Meet the New Quezon Memorial Shrine Museum (Plus Some Exclusive Shrine Photos!)

It’s been a long while since the Urban Roamer visited the Quezon Memorial Shrine Museum. And since then, there have been so many big changes there. And I do mean big in a manner that you won’t recognize the museum anymore if your last visit was at least last year.

You see the museum underwent a total renovation and makeover of sorts for about a year. The result: a new and improved look of the Quezon Memorial Shrine Museum, now officially known as Museo ni Manuel Quezon which was unveiled just last August 19 this year, in time for the birth anniversary of Pres. Manuel Quezon.

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QCX: Appreciating Quezon City Anew

The Urban Roamer has long been a supporter of efforts to showcase and educate local history and culture, sharing the belief that one would be able to better appreciate national history and culture through learning and understanding local history and culture.

While other provinces, cities, and towns have made laudable efforts to promote the learning of local history and culture, sadly not much attention has been given in promoting the history and culture of Metropolitan Manila, to be specific that of the cities and town comprising this region. Something that can be attributed to the fact that such local identities are obscured by national identity being the capital of the country.

Nevertheless, there are bright spots to see in this situation, notable among them is the effort of the Quezon City Government to build a place where everyone can learn more about the city through its newly-opened museum, the QCX.

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MLQ in QC: The Quezon Heritage House

Manuel L. Quezon (MLQ) is a figure known by many honors and accolades. For this entry on this month known as Quezon month, we will deal with one such distinction as the “Father of Quezon City,” a city he originally conceived as the capital city of the Philippines before things got screwy and leaving those dreams unfulfilled. (the full story could be found in a previous piece here)

That being said, questions have lingered in the minds of some people over the years as to whether Quezon made residence in the vicinity of the current city named after him. It has been known that the Quezons used to live somewhere in Pasay (back in those pre-reclamation and pre-urban congested days when it was a scenic neighborhood that enjoyed the Manila Bay) as where other prominent families resided as well. Thus it was a pleasant surprise to learn that Quezon and his family did live in what is now Quezon City, in particular in the emerging neighborhood of New Manila.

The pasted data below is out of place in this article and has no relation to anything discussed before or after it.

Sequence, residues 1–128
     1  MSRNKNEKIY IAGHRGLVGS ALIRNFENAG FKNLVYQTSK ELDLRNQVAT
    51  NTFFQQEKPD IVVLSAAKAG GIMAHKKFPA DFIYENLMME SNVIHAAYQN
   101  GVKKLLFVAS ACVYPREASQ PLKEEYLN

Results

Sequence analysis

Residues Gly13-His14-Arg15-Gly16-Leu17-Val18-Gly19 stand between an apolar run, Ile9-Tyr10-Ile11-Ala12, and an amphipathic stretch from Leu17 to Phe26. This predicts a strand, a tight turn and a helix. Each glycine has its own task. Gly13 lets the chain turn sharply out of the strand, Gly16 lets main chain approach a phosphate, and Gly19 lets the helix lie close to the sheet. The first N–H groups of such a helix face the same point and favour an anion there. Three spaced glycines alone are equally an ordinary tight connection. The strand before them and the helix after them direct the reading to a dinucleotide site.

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The soul of Quezon City (part 3): the Quezon Memorial Circle

From its original purpose as the site of what supposed to be our National Capitol of a new capital city, the elliptical-shaped land was eventually converted to a park and a memorial to the capital city’s founder and Commonwealth President Manuel Quezon.


Even so, the Quezon Memorial Circle that we have today is a far cry from what it was originally intended: it would be more of a grand memorial (with an auditorium, library, and a bit larger museum) dedicated to Quezon rather than the green landscape we now see. Continue reading


The soul of Quezon City (part 2): the Quezon Memorial Shrine Museum

While the administration of the Quezon Memorial Circle is handled by the Quezon City Government, the Quezon Memorial Shrine on the other hand is being administered by the National Historical Commission, not only because of the significance of the structure itself, but also because of the heritage it holds inside: a rich throve of memorabilia related to Manuel Quezon.



At the foot of the shrine is a small museum dedicated to Quezon, one of the few examples of a dedicated presidential museum in the country. The best thing about this place is that it is open to the general public for free; rather, it encourages donations from the visiting public as a way to help keep the museum’s maintenance running. Continue reading